September 2014

Emerging Infectious Diseases Journal

Highlights: Emerging Infectious Diseases, Vol. 20, No. 9, (September 2014)


The articles of interest summarized below will appear in the September 2014 issue of Emerging Infectious Diseases, CDC’s monthly peer-reviewed public health journal. This issue will feature emerging pathogens.

Note: Not all articles published in EID represent work done at CDC. In your stories, please clarify whether a study was conducted by CDC (“a CDC study”) or by another institution (“a study published by CDC”). The opinions expressed by authors contributing to EID do not necessarily reflect the opinions of CDC or the institutions with which the authors are affiliated.

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1. Encephalitis Caused by Pathogens Transmitted through Organ Transplants, United States 2002–2013, Sridhar V. Basavaraju et al.

Although medical advancements have led to increased success of organ transplantations, the risk for transmission of infectious agents (such as viruses) through solid organ or tissue transplantation remains a worldwide public health problem. Since 2002, infection of the brain, a condition called encephalitis, has been reported with increasing frequency after transplantation of solid organs. However, these infections among transplant recipients are rare and might not be recognized by doctors, resulting in delayed treatment. A recent review of the agents known to cause transplant-transmitted encephalitis highlighted several diagnostic and clinical challenges. For example, diagnosing transplant-transmitted encephalitis in the patient can be difficult because the hallmark symptoms resemble those of other severe illnesses. And tracking the infection to the donor can be difficult because of geographic distance separating transplant recipients, and lack of prompt recognition and reporting systems. Thus, investigation of such infections requires rapid communication among transplant physicians, organ procurement organizations, and public health authorities. Until active tracking systems (surveillance) can be established, timely communication and use of traditional and new diagnostic tests are crucial for identifying unusual and emerging infections in transplant recipients.

Contact Sridhar V. Basavaraju via:
CDC Press Office

2. Incidence of Cronobacter spp. Infections, USA, 2003–2009, Mary E. Patrick et al.

Cronobacter are bacteria known to cause serious infections, especially in infants who consume contaminated powdered infant formula. However, Cronobacter can come from a variety of sources and affect other age groups. By reviewing laboratory records collected by FoodNet (a multiagency program that tracks foodborne diseases), researchers learned that the highest rate of invasive infection occurs in the very young (newborn to infant), and older adults (80 years and older). Older adults also have high isolation rates from the urinary tract. Rates varied by location and were highest for Minnesota. Increased understanding of sources of infection and populations at risk can help guide future prevention and control efforts.

 Contact Mary E. Patrick via:
CDC Press Office

3. Distance from Construction Site and Risk for Coccidioidomycosis, Arizona, USA, Janis E. Blair, et al.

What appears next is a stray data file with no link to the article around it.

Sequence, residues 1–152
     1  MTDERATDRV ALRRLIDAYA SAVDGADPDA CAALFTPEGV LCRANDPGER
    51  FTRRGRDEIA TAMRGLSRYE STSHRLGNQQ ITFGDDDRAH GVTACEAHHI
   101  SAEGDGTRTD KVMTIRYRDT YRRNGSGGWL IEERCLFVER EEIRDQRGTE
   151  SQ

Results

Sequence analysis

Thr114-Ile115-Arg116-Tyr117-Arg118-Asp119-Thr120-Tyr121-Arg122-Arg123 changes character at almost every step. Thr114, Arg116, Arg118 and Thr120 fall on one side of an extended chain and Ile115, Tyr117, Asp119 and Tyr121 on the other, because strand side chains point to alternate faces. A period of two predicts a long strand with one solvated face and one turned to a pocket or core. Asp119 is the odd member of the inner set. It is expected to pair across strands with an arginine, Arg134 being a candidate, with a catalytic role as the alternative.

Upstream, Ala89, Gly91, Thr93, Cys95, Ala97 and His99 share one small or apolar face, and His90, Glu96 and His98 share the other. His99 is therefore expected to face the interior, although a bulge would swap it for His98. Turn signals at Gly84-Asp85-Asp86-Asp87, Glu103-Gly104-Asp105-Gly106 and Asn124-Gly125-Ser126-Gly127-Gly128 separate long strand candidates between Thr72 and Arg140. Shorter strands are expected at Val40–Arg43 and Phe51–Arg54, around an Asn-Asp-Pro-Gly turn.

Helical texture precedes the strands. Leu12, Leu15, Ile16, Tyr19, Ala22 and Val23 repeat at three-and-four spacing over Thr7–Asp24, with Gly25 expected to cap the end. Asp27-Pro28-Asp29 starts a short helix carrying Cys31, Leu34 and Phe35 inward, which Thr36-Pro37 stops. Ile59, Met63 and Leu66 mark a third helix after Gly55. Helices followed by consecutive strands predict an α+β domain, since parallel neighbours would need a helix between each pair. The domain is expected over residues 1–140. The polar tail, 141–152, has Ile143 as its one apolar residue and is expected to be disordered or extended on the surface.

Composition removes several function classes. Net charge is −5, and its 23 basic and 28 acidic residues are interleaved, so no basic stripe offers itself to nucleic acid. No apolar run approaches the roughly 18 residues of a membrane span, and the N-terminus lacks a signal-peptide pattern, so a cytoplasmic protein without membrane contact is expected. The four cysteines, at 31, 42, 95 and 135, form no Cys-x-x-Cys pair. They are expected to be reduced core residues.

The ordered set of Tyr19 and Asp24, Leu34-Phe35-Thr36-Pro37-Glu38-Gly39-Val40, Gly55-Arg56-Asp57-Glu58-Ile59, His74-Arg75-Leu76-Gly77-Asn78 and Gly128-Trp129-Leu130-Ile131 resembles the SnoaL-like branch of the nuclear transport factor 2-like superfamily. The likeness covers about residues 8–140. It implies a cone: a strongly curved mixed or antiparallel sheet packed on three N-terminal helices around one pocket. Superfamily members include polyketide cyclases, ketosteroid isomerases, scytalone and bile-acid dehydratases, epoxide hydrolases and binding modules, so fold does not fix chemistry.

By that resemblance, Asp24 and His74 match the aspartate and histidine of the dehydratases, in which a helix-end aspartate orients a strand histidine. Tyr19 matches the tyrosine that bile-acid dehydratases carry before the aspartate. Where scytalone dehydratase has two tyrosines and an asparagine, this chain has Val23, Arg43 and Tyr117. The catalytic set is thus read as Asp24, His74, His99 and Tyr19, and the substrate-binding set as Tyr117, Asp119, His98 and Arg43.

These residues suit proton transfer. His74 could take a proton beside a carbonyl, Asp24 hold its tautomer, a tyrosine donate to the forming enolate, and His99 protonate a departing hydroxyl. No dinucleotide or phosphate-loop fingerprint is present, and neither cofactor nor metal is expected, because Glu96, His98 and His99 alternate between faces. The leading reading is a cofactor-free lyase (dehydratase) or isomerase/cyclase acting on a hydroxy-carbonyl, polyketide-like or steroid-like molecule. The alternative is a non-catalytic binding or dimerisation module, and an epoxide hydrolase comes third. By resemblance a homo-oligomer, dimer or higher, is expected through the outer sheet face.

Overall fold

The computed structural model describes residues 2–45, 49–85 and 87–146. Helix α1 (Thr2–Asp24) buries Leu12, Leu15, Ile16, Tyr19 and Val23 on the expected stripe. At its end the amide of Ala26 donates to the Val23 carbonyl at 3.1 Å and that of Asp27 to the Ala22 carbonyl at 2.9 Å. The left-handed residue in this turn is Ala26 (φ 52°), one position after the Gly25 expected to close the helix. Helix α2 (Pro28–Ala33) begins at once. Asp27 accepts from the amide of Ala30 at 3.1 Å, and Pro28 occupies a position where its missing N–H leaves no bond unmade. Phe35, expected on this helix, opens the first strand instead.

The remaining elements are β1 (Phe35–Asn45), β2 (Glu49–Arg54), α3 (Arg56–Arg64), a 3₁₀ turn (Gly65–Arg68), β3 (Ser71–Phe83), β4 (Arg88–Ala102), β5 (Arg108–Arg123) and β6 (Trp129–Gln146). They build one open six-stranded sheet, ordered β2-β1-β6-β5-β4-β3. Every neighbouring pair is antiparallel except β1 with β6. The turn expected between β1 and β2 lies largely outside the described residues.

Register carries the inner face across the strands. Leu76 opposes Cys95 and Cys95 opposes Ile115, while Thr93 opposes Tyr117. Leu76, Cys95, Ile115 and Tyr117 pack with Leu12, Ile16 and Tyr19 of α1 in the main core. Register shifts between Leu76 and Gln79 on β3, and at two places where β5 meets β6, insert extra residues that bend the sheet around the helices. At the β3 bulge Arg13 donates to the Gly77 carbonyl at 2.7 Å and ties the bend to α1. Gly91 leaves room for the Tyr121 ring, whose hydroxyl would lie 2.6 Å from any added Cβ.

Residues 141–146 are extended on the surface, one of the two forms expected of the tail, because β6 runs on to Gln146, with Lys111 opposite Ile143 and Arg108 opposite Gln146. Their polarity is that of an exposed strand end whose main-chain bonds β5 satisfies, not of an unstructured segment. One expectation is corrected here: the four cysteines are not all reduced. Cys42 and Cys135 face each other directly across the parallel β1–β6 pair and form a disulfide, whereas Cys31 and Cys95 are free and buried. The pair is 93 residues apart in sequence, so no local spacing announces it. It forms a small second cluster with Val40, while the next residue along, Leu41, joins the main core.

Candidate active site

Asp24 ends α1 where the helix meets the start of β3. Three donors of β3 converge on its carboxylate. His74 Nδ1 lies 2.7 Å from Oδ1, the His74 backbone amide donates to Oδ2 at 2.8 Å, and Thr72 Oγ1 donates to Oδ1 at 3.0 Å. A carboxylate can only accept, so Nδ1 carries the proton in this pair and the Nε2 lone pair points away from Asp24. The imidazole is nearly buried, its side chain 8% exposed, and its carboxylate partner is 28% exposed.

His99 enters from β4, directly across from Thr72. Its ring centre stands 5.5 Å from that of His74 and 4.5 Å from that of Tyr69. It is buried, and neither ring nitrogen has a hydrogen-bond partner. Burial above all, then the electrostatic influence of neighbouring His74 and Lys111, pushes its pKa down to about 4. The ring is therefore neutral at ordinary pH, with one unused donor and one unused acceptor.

Coccidioidomycosis is a fungal disease that affects the respiratory system.  Disease severity varies from person to person: some patients require prolonged medical evaluation, time away from work or school, treatment, or hospitalization. The fungi, which live in soil in the southwestern United States, can become airborne when the soil is disrupted, and humans who inhale the spores can become infected. Risk for infection is increased by situations and activities that increase exposure to dust, such as dust storms, earthquakes, construction work, outdoor occupations or activities, and military maneuvers. Thus, when the Mayo Clinic in Arizona began building a new medical facility in a previously undisturbed native desert area, researchers compared the risk for employees near the construction site with risk for those at another facility 13 miles away. They found that working next to this construction project soil did not increase the risk for infection. Possible explanations are successful dust control at the construction site, differing amounts of fungus in the soil at the 2 study sites, differing exposure at the employees’ residences, and varying outdoor exposure (e.g., walking for exercise) of the 2 groups of employees.

Contact Janis E. Blair via:
Lynn Closway
Mayo Clinic Public Affairs

4. Feeding Period Required by Amblyomma aureolatum Ticks for Transmission of Rickettsia rickettsii to Vertebrate Hosts, Hakan Leblebicioglu et al.

Rocky Mountain spotted fever is the deadliest known rickettsial (a type of bacteria) disease spread by ticks. Throughout the Americas, different types of ticks carry rickettsia and transmit them to hosts they feed on, such as dogs and humans. So how long does a tick need to be attached before it can infect its host?  By studying a tick common in Brazil, researchers recently determined that this window of time varies according to whether the tick is engorged (has recently fed). Although to infect their host, unfed ticks need to be attached to the host for 10 hours or more, recently fed ticks need to be attached for only 10 minutes.  The conventional wisdom is that a tick needs to be attached for 2 or more hours before it can infect humans or dogs, which might discourage people from immediately removing them and result in transmission of these lethal bacteria. People entering wooded or grassy areas should frequently inspect themselves and their children and pets for ticks and immediately remove any ticks found.

Marcelo B. Labruna
University of São Paulo, Preventive Veterinary Medicine



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